Director Guillermo del Toro and the artists at Industrial Light & Magic made it happen.
SAN FRANCISCO — The robot on the computer monitor stands about 13 inches tall. For visual-effects wizard Hal Hickel, the mission was simple: Make audiences believe the metallic creature was real and soared to a height of 250 feet.
"Our No. 1 challenge on this movie was scale," says Hickel, one of the key members of the Industrial Light & Magic team tasked with bringing Pacific Rim to life. "We've animated big before, but not this big."
If ever an effects house needed to earn its keep on a film, Pacific Rim was it. Virtually every frame of director Guillermo del Toro's apocalyptic showdown between subterranean beasts (Kaiju) and man-made robots (Jaegers) is a tech-generated world with a few bellicose actors dropped in for good measure.
Right from the start, the team at ILM — George Lucas' fabled Star Wars-inspired effects company that is now under the Disney umbrella — faced problems. First, there was the fact that giant dinosaurs fighting massive robots would be a rather slow duet, given their size. The movie threatened to wither under the lumbering weight of slow-motion battle scenes.
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"So we had to get creative," says Hickel, teeing up a shot on his monitor that places the virtual camera on the fist of the movie's U.S. robot, Gipsy Danger. When Hickel hits ''play,'' the viewer rides along that fast-moving fist as it smacks the jaw of a Kaiju.
"That's where we were able to convey speed," he says. "A fist-cam shot has you riding onboard at 150 miles an hour, as opposed to a wide shot that would show you the action at a slower pace."
The second problem: making sure audiences bonded with the robots enough to care about the outcome of a fight. To tackle that issue, animators made sure Jaegers walked with a gait that was reminiscent of a human's without crossing the line into disbelief.
"These robots have shoulders and hips, like we do, but we had to dive deep into their joints and make sure everything in there moved as it logically would for a machine," he says.
That meant making sure that all the machine-like pistons and connecting rods that animated a joint actually moved whenever a Jaeger took a step, even if those movements are barely discernible to the human eye.
"One of our questions was always, 'Could somebody manufacture that?' And if the answer was no, we started over," says Alex Jaeger, a senior visual-effects art director on the project. "If you think about these robots as battleships, that's where we were going. Every rivet and plate had to make sense. And all the battle damage also had to be reflected on those panels."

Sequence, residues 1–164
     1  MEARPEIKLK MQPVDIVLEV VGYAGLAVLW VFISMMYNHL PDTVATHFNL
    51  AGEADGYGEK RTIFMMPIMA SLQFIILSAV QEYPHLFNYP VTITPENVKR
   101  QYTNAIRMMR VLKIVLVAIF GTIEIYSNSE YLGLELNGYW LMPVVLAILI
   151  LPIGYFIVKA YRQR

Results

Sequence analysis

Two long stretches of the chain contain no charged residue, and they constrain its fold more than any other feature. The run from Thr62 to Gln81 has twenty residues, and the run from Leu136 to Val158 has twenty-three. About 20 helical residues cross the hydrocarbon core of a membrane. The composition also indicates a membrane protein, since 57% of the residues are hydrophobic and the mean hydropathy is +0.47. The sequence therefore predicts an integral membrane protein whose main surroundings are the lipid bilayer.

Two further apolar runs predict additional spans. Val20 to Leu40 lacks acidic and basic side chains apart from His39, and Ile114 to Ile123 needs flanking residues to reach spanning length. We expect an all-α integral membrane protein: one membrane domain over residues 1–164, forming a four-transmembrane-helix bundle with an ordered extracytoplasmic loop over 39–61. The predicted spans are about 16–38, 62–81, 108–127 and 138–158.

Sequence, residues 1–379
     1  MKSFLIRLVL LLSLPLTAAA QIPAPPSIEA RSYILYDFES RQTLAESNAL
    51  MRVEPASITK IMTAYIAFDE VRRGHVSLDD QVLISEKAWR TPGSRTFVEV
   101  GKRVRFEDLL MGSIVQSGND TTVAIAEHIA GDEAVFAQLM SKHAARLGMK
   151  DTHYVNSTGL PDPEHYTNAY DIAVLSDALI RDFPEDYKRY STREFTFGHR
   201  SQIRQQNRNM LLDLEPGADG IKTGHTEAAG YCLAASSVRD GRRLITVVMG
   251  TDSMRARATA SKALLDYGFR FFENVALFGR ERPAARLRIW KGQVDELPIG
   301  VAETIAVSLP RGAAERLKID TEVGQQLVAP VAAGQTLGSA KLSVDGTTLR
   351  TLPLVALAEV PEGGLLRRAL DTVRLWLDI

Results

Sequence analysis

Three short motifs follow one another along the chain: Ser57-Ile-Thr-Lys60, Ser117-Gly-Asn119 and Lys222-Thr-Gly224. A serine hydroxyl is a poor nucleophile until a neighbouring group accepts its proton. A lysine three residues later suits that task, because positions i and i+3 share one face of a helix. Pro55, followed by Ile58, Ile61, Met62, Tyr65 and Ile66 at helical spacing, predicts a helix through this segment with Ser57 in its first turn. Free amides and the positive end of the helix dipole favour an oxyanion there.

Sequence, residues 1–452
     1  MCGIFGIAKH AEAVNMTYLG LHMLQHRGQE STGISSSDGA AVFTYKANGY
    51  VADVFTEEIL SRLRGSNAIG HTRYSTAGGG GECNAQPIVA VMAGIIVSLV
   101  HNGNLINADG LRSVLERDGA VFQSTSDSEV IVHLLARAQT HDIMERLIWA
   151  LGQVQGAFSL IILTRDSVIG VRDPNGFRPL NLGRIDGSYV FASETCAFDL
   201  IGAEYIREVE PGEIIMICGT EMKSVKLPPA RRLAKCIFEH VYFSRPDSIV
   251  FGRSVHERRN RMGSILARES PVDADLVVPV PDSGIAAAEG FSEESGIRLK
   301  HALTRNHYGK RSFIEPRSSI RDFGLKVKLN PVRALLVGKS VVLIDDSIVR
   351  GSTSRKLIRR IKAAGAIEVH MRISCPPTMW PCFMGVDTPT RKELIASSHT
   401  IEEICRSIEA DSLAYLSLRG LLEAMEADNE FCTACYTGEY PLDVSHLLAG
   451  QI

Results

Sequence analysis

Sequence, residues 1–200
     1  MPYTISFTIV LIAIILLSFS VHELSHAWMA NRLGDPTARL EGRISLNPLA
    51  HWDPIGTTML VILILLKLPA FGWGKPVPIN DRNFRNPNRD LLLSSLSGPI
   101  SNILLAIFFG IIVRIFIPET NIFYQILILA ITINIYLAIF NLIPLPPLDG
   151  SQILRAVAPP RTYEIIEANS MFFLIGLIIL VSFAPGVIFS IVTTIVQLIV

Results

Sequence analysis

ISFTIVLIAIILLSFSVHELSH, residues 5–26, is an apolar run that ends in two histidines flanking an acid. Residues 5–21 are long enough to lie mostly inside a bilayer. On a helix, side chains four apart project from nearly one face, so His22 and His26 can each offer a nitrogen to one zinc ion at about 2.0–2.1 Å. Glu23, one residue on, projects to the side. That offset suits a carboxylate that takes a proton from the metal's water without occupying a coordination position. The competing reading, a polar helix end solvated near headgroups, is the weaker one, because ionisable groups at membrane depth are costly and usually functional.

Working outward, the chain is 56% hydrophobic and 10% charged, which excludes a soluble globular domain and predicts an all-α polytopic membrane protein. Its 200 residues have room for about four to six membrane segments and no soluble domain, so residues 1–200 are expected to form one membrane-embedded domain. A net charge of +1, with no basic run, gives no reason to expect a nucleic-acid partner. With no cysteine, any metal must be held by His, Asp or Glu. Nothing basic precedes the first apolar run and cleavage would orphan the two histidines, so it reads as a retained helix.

That same verisimilitude applied to the steroidal creatures.
Some of them recall animals we know — from gorillas to lizards to serpents — and ILM staffers kept zoological images handy for reference. But from there, things got a bit crazy, with director del Toro stipulating that some creatures would spit acid, while others would create electrical firestorms. And each had to have a set of distinctive glowing eyes.
"Guillermo was all over almost every aspect of this film," says Jaeger with a laugh. "Some directors tell you, 'Let's just get it done.' And he'd come to a meeting and say (of a scene), 'Can we make this room feel like it's a hothouse filled with steam?' "
Del Toro readily admits he was like a kid in a toyshop. Although he put the project up for bid, he not-so-secretly hoped ILM would get the job.
"I come from an optical effects background, and I've always had immense respect for what these guys have done," says del Toro, whose surreal sensibilities are on display in movies such as 2006's Pan's Labyrinth. "Often, people working with effects are scolded, 'You care more about the effects than the characters.' But in this case, the effects are the characters."
The Mexican director says working with ILM was "a true partnership, much like the one a director might have with an actor or cinematographer." He pushed the team hard to nail digital effects such as speed of motion, camera angles and hyper-real Jaeger and Kaiju surface details, "from ripped skin to scarred metal plates."
But his ace in the hole was making sure Pacific Rim was rife with deliberate flaws. "Making movies is a lie," he says. "It only works if you fill it with details and mistakes."
So del Toro requested, for example, that the faux lens "shooting" the visual effects be tampered with, sometimes reflecting the impact of water spray, light and even damage.
"In one scene, a Jaeger goes to the edge of the atmosphere, and for that, the lens gets hit with frost," he says. "That's the kind of detail that I wanted. And that's the kind of detail that ILM loved. Rather than them feeling directed by me, it was just me geeking out with them. It was a revelatory experience."